Some people I talked with also suggested that the husband was likely a wild card. Just because we got along with the wife didn’t mean that we would be able to relate to her husband. There is agreement that a social outing involving a husband was a big hurdle. How then does someone ever get to know Japanese men? While typically revolving around the children’s shared friendship and interests, informal time with men is often easier if there is a task involved. Barbeques are common family events because the men have something to do, whereas a purely social time can be more intimidating. Someone else suggested that men often get to know each other by learning from each other. “Can you help me with something?” and “Can you teach me something?” are questions that can be used to deepen male relationships.
4. Remember that Being Friendly Isn’t Enough to Develop Friendships
In the first several years of my involvement with my sons’ soccer teams, I was often disappointed that I hadn’t made closer friendships. At games and practices I would smile, greet people, and try to start conversations, but I would often return home feeling like I was on the outside. Later on, however, I began to be more intentional about my commitment to the team.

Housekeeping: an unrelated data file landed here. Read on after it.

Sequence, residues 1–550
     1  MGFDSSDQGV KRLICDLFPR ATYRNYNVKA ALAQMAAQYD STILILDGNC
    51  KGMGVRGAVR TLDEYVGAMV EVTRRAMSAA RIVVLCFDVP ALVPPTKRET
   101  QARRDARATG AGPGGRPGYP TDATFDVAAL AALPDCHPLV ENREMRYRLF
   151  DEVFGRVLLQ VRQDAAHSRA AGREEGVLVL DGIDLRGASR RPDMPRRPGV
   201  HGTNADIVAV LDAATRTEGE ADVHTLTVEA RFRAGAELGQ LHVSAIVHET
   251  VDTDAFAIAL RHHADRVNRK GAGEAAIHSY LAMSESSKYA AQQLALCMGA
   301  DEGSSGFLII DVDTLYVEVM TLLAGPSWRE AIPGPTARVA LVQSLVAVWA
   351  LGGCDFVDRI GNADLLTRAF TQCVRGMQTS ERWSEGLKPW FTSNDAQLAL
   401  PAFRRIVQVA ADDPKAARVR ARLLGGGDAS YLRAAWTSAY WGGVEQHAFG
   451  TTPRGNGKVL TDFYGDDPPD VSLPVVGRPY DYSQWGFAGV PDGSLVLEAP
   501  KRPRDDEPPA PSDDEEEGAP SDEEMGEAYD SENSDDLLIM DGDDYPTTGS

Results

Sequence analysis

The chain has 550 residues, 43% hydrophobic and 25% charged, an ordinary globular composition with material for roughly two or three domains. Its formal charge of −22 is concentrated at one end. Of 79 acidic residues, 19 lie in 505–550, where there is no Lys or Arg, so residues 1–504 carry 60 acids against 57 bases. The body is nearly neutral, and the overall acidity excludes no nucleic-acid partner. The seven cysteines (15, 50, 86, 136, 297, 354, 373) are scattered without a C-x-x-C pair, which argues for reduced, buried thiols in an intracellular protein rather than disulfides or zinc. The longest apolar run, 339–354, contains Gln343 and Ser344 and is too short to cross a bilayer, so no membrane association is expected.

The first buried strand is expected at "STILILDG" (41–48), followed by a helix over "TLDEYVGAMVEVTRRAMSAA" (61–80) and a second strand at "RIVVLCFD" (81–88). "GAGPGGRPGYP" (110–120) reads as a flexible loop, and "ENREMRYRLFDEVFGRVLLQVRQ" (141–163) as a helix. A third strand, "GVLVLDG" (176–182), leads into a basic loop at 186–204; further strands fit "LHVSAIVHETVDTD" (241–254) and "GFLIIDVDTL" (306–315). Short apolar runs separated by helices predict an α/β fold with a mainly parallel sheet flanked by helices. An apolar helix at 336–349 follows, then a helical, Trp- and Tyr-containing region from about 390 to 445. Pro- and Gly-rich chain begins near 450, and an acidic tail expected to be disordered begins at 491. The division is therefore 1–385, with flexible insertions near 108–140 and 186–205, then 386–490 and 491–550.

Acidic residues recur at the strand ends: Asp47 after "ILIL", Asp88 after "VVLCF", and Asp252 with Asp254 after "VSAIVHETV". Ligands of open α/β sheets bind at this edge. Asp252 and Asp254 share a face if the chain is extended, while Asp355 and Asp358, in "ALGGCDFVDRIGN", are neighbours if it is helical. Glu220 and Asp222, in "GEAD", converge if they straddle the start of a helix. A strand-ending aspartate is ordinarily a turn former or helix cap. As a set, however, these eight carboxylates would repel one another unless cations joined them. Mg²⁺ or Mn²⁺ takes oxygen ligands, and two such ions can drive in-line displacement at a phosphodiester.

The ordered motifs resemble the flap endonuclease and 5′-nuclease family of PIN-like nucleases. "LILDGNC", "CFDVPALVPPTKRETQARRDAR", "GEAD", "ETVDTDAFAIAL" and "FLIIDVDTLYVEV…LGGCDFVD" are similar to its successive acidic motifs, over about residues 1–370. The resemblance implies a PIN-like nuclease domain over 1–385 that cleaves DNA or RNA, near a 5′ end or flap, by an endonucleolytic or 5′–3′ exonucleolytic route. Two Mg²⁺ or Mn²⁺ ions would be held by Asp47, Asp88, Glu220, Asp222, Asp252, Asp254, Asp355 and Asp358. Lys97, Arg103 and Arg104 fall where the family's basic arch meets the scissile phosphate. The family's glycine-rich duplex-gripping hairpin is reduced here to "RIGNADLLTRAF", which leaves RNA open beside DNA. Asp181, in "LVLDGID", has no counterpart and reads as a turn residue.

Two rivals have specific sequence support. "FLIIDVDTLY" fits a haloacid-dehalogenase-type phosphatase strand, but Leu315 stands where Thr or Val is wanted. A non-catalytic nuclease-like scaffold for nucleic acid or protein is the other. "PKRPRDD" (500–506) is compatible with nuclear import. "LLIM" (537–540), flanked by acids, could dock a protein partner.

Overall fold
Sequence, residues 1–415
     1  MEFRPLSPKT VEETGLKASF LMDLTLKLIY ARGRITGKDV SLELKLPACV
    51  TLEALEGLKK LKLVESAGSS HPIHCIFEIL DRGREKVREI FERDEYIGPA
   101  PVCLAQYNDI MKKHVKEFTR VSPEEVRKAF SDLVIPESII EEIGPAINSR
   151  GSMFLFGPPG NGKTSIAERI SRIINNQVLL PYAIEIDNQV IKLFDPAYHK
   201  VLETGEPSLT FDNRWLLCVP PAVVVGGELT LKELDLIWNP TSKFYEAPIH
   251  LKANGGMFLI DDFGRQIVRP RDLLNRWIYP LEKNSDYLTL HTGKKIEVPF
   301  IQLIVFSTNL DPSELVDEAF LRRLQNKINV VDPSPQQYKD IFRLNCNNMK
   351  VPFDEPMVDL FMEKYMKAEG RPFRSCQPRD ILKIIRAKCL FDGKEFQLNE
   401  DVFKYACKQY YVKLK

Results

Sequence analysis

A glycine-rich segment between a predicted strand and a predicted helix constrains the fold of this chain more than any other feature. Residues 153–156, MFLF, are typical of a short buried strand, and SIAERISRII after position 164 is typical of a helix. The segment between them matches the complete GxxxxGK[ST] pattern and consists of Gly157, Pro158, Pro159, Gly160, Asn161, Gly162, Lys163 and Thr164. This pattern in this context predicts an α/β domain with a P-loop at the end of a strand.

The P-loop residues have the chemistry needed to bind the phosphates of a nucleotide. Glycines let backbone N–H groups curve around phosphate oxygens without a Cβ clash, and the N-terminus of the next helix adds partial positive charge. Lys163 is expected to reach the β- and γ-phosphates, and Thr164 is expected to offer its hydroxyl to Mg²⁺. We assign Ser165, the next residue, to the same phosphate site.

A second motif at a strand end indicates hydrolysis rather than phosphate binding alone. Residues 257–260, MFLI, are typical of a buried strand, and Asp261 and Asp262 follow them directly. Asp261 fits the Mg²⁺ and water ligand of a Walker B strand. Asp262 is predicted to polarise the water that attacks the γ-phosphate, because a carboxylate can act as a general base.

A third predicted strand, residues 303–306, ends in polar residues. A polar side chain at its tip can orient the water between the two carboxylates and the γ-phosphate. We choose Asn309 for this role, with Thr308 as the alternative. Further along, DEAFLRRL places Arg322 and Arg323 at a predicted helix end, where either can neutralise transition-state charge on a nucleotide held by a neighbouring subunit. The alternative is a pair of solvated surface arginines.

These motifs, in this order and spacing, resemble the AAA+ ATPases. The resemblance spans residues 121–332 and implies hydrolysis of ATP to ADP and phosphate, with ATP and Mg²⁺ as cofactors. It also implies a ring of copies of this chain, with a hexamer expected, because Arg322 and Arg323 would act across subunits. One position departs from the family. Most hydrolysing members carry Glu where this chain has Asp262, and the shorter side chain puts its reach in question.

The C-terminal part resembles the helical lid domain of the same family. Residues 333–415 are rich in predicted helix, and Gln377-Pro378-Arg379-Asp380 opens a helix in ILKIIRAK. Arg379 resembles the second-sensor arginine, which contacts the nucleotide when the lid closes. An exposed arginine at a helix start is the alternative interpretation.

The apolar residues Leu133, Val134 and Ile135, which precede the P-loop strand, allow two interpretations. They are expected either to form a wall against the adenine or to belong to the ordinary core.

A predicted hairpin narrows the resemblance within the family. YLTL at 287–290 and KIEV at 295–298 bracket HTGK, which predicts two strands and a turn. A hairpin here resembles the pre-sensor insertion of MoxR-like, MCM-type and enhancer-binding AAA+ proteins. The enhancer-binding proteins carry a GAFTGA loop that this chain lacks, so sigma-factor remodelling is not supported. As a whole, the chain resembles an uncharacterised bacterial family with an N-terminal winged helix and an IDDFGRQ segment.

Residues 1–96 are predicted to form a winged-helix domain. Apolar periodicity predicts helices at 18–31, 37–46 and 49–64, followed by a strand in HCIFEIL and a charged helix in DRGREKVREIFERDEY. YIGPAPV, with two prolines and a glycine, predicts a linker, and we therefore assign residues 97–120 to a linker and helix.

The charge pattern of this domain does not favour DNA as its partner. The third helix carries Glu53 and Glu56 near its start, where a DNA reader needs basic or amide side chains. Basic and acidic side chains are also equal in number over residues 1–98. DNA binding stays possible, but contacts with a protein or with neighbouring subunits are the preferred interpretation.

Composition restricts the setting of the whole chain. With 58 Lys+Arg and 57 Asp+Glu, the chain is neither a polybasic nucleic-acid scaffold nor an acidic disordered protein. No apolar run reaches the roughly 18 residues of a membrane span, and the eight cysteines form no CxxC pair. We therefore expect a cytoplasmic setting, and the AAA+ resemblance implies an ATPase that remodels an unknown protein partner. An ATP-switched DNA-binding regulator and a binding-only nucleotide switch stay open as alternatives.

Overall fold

When I heard that the team needed to have a certain number of referees, I took a course, earned my license, and began to referee regularly. When there were appeals to help set up the grounds, I made a point of arriving early to help. I soon noticed that people began to approach me to talk. I finally felt like an insider, but part of me was still not sure why. What did measuring the pitch lines have to do with being treated kindly? Why weren’t people interested in talking to me in those early years? And what are the next steps in building these relationships?
5. Seek to Build Community, Not Just Start Friendships
As I talked with people about what happened, I began to see my experience through the lens of community. “It’s the difference between farmers and hunters,” one person explained. “With a rifle and a horse you can bring dinner home for the family, but planting a rice field requires the help of relatives and the cooperation of neighbors. Japan has historically been an agricultural society that has relied on the cooperation of groups to survive.”